Researchers consider the new diagnostic tests essential tools in the quest to find drugs that will slow or stop Alzheimer's disease.

But they also could cause a dilemma: Would you want to know you're developing an illness that will rob you of your memory and autonomy - and there is little doctors can do?

Yet, if researchers are going to find new treatments, they need to be able to diagnose people earlier, says Robin Hsuing, a University of British Columbia scientist looking for biomarkers for frontal temporal dementia, a form of dementia that tends to hit people younger.

Story continues below advertisement

"We are in a very interesting transition, which I hope is going to be toward some therapies that actually work," says Sandra Black, a Canadian researcher taking part in a large U.S. trial to assess diagnostic tests.

The push for early diagnosis came from the Food and Drug Administration in the United States, says McGill University researcher Judes Poirier, because most major drug companies have something they want to test.

Mild cognitive impairment is an early stage of mental decline but only half of those who are diagnosed go on to develop Alzheimer's. Yet, the preliminary results of a large U.S. study found that 80 to 90 per cent of MCI patients who also had telltale amyloid plaques in their brains and a build-up of tau in their spinal fluid went on to develop dementia, Dr. Hsiung says.

So the initial trials of a drug will likely involve MCI patients. But anything that works for them would likely be tested in people without symptoms, if their tests show signs of brain damage associated with Alzheimer's.

It is also possible that early diagnosis may help patients make lifestyle changes that delay the onset of the disease. Studies suggest that exercise and a healthy diet may be protective. Both measures are widely advocated by doctors to prevent heart disease and stroke, Dr. Black says, but many patients ignore the advice.

They may feel different if they knew they were at high risk for Alzheimer's - or they could become anxious and have trouble getting insurance.

Story continues below advertisement

"You would hate," she says, "for someone to jump off a cliff."

Your Globe

Build your personal news feed

  1. Follow topics and authors relevant to your reading interests.
  2. Check your Following feed daily, and never miss an article. Access your Following feed from your account menu at the top right corner of every page.

Follow topics related to this article:

View more suggestions in Following Read more about following topics and authors
Report an error Editorial code of conduct
Due to technical reasons, we have temporarily removed commenting from our articles. We hope to have this fixed soon. Thank you for your patience. If you are looking to give feedback on our new site, please send it along to feedback@globeandmail.com. If you want to write a letter to the editor, please forward to letters@globeandmail.com.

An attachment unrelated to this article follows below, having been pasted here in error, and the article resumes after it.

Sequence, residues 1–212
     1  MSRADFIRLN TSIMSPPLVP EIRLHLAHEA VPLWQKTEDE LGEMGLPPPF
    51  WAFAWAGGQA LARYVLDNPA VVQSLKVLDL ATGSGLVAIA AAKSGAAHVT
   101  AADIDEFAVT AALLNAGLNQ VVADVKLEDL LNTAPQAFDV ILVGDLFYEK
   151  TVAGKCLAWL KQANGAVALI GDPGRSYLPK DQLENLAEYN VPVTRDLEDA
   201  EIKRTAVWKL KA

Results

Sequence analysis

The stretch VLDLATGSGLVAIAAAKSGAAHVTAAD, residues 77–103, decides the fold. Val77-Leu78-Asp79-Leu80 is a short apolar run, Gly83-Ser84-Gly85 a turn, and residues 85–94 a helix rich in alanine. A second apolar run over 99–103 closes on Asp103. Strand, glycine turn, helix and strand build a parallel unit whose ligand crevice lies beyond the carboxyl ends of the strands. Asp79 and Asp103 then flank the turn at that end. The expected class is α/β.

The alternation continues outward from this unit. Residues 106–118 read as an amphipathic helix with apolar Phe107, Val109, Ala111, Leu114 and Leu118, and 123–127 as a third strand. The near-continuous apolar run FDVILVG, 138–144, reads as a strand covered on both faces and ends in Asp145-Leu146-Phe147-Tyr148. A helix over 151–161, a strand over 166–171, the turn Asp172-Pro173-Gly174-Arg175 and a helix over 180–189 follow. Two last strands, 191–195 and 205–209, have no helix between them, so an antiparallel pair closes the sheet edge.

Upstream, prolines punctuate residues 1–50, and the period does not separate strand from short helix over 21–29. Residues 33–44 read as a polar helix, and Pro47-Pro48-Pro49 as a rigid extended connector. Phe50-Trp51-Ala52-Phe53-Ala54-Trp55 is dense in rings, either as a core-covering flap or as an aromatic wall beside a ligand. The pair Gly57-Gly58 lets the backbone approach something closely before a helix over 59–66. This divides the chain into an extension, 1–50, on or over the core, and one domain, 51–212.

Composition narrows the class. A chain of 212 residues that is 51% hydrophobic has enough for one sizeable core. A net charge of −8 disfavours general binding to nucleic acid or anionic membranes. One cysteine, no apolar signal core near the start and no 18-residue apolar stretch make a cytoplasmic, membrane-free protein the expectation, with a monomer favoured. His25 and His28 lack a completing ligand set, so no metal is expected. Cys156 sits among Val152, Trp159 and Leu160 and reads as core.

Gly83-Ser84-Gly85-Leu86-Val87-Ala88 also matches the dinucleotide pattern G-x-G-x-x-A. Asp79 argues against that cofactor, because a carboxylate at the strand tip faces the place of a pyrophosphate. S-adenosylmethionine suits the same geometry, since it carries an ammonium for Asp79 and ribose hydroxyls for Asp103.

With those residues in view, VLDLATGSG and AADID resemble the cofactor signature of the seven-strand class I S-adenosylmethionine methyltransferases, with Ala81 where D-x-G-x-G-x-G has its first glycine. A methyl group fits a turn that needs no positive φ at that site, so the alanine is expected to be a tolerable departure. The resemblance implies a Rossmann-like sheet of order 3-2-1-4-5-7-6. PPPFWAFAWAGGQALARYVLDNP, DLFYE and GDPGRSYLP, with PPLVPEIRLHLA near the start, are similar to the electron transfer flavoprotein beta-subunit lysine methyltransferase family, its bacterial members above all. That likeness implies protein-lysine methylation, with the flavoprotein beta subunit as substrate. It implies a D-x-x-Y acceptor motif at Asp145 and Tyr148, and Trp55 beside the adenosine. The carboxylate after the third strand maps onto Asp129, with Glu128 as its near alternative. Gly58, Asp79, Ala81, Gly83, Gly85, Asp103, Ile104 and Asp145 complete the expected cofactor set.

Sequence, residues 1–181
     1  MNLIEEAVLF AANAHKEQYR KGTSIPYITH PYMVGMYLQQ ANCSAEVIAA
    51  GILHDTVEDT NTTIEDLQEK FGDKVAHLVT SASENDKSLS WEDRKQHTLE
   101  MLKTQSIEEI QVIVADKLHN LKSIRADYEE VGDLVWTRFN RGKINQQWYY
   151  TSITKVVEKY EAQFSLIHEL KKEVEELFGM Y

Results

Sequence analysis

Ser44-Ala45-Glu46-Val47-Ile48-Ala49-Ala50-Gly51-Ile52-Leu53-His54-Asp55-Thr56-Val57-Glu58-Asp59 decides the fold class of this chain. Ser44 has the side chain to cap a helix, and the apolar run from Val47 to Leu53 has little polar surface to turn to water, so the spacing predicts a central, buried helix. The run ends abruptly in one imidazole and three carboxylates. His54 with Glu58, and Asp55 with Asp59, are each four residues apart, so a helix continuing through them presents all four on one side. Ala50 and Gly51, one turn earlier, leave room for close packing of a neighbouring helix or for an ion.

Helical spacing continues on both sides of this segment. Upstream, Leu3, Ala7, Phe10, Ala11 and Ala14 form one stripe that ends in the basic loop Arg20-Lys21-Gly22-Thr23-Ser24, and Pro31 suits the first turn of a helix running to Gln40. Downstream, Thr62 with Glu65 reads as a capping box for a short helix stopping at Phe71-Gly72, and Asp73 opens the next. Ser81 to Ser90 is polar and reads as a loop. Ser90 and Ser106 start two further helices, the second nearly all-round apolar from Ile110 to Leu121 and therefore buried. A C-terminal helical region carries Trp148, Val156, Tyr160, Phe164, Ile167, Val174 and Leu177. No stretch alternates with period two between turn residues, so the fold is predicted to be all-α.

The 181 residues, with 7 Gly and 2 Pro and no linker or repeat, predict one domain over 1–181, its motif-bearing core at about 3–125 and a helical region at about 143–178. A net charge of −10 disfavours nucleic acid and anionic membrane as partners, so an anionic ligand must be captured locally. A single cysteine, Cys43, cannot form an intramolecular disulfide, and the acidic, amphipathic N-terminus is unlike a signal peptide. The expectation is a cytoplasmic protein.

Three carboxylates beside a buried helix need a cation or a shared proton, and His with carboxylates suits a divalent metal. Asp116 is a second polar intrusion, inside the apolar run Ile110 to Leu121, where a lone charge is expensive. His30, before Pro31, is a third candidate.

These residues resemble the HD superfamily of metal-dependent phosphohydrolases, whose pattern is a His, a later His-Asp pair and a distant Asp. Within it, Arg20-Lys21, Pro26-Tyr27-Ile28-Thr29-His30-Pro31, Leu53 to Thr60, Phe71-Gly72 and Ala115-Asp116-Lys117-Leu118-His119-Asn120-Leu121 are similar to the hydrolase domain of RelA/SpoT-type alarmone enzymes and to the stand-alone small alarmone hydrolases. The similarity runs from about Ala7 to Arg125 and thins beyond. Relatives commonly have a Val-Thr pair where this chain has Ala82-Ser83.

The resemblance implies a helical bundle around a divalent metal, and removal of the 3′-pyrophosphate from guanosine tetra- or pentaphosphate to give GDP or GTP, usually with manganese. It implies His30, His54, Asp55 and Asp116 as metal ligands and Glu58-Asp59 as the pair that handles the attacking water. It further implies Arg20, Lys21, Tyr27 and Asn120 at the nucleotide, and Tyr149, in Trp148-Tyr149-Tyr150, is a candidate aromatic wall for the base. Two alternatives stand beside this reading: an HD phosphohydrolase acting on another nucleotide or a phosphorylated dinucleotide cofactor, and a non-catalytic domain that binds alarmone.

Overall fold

Welcome to The Globe and Mail’s comment community. This is a space where subscribers can engage with each other and Globe staff. Non-subscribers can read and sort comments but will not be able to engage with them in any way. Click here to subscribe.

If you would like to write a letter to the editor, please forward it to letters@globeandmail.com. Readers can also interact with The Globe on Facebook and Twitter .

Welcome to The Globe and Mail’s comment community. This is a space where subscribers can engage with each other and Globe staff. Non-subscribers can read and sort comments but will not be able to engage with them in any way. Click here to subscribe.

If you would like to write a letter to the editor, please forward it to letters@globeandmail.com. Readers can also interact with The Globe on Facebook and Twitter .

Welcome to The Globe and Mail’s comment community. This is a space where subscribers can engage with each other and Globe staff.

We aim to create a safe and valuable space for discussion and debate. That means:

  • Treat others as you wish to be treated
  • Criticize ideas, not people
  • Stay on topic
  • Avoid the use of toxic and offensive language
  • Flag bad behaviour

If you do not see your comment posted immediately, it is being reviewed by the moderation team and may appear shortly, generally within an hour.

We aim to have all comments reviewed in a timely manner.

Comments that violate our community guidelines will not be posted.

UPDATED: Read our community guidelines here

Discussion loading ...

To view this site properly, enable cookies in your browser. Read our privacy policy to learn more.
How to enable cookies